Supercomputer Simulates 1% of the Brain – What’s Next?
Neural networks are used in neuroscience to create models that could potentially explain some cognitive phenomena. For example, many researchers have built models that create pretty accurate representations of child language acquisition. These networks can, essentially, learn new words and meanings, and their learning trajectory follows that of a typical child.
Neural networks have also been used to study the hemispheric lateralisation of letter recognition, the label-feedback hypothesis, and spreading-activation conceptual networks. (Neural nets are also used as machine-learning algorithms in other fields, but I will leave that discussion for another time.)
One point of contention about neural networks is that we never really know if they accurately represent the brain: the way that they are created is heavily influenced by neuroanatomy, and includes nodes that represent neurons and weights that represent neural connections, but it is impossible to accurately model all of the billions of neurons and trillions of connections in the brain.
So how do we know whether what we are modeling is a good representation of the brain? The answer is that we don’t. Through testing, though, we can compare the results of neural network with the results of human learning, and if they match up, it is generally accepted that the neural network accurately represents the cognitive phenomenon it was built to study.
A Japanese research group called RIKEN is undertaking a project using the K computer (the fourth most powerful supercomputer in the world) to simulate neural activity on a scale that has never been done before. They modeled 1.73 billion nerve cells and 10.4 trillion connections. That is a fantastically huge number, though it falls far short of the 86 billion neurons that was recently posited for the brain. One of the collaborators in the project reports that they modelled about 1% of the brain. Even so, that is a huge accomplishment.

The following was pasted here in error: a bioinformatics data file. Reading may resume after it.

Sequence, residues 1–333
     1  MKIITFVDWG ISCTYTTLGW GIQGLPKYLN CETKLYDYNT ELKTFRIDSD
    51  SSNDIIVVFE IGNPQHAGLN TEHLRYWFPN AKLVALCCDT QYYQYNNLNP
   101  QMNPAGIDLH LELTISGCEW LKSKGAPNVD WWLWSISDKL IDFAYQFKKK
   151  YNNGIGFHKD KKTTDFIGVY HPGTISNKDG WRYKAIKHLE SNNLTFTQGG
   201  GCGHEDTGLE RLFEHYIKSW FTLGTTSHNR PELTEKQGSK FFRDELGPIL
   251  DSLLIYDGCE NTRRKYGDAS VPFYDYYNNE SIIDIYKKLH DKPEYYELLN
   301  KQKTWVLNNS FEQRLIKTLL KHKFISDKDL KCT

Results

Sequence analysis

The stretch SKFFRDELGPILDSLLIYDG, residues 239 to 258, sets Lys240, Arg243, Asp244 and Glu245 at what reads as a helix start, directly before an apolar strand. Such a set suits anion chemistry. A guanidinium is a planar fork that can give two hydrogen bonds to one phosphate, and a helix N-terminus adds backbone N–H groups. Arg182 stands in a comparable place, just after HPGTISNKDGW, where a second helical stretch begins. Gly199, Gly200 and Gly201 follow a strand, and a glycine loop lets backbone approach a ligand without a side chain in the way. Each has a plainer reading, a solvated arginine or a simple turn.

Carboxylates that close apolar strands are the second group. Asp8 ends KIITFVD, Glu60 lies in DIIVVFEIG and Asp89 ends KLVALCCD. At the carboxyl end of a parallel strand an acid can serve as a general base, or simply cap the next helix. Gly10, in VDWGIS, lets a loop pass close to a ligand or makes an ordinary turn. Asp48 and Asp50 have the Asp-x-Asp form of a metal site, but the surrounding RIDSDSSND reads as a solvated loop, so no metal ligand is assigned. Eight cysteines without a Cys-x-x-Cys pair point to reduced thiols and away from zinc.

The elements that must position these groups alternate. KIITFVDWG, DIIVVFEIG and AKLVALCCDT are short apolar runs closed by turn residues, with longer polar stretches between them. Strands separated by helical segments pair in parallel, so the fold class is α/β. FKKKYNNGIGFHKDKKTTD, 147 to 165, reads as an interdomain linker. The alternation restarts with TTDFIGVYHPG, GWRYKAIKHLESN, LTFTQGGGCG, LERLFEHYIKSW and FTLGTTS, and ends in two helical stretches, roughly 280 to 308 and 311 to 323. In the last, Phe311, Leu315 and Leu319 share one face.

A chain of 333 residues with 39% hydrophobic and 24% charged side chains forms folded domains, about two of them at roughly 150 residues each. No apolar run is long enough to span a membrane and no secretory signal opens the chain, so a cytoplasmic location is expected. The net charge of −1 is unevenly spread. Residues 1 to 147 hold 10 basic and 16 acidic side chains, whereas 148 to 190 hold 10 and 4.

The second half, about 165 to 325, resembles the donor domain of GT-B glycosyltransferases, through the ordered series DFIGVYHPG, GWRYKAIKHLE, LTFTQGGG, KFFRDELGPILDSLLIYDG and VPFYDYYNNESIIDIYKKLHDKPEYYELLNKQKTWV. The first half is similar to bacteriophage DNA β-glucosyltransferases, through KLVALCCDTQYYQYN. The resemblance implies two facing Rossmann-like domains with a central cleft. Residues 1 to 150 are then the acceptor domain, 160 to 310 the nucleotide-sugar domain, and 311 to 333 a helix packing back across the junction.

So what did this simulated brain compute? As far as I can tell, pretty much nothing. After 40 minutes of using 82,944 processor cores and about a petabyte of memory, the K computer had simulated approximately one second of brain activity. That is 40 minutes of time on one of the world’s most powerful supercomputers for a single second of brain activity. Puts the complexity of the brain in perspective, does it not?
Even though this test was designed as a test of the programmers and hardware at RIKEN, it brings up some really interesting questions about neural networks, what they can do, and how rapidly we are improving our ability to simulate the brain. According to some estimates, we will be able to simulate the entire brain — down to individual neurons and synapses — within the next decade or so. To do this, we will need an exa-scale computer (the scale of which is completely beyond my comprehension).
Personally, I am not hugely hopeful about simulating the entire brain anytime in the foreseeable future. Even if we have the hardware capability, we still have to have the neuroanatomical knowledge, software power, and programming ability to make it all work together. This is no small task, even with the impressive self-organizing powers of neural networks. But technology is advancing at an unbelievable rate, so who knows? Maybe we will see a computerized brain in the next 20 years. What do you think? What comes next for neural network computation? Is there any ceiling for what it can accomplish?
The world will be watching this technology closely in the coming years. You can look forward to some really exciting and interesting developments!
Sparkes, M. (January 13, 2014) Supercomputer models one second of brain activity. The Telegraph.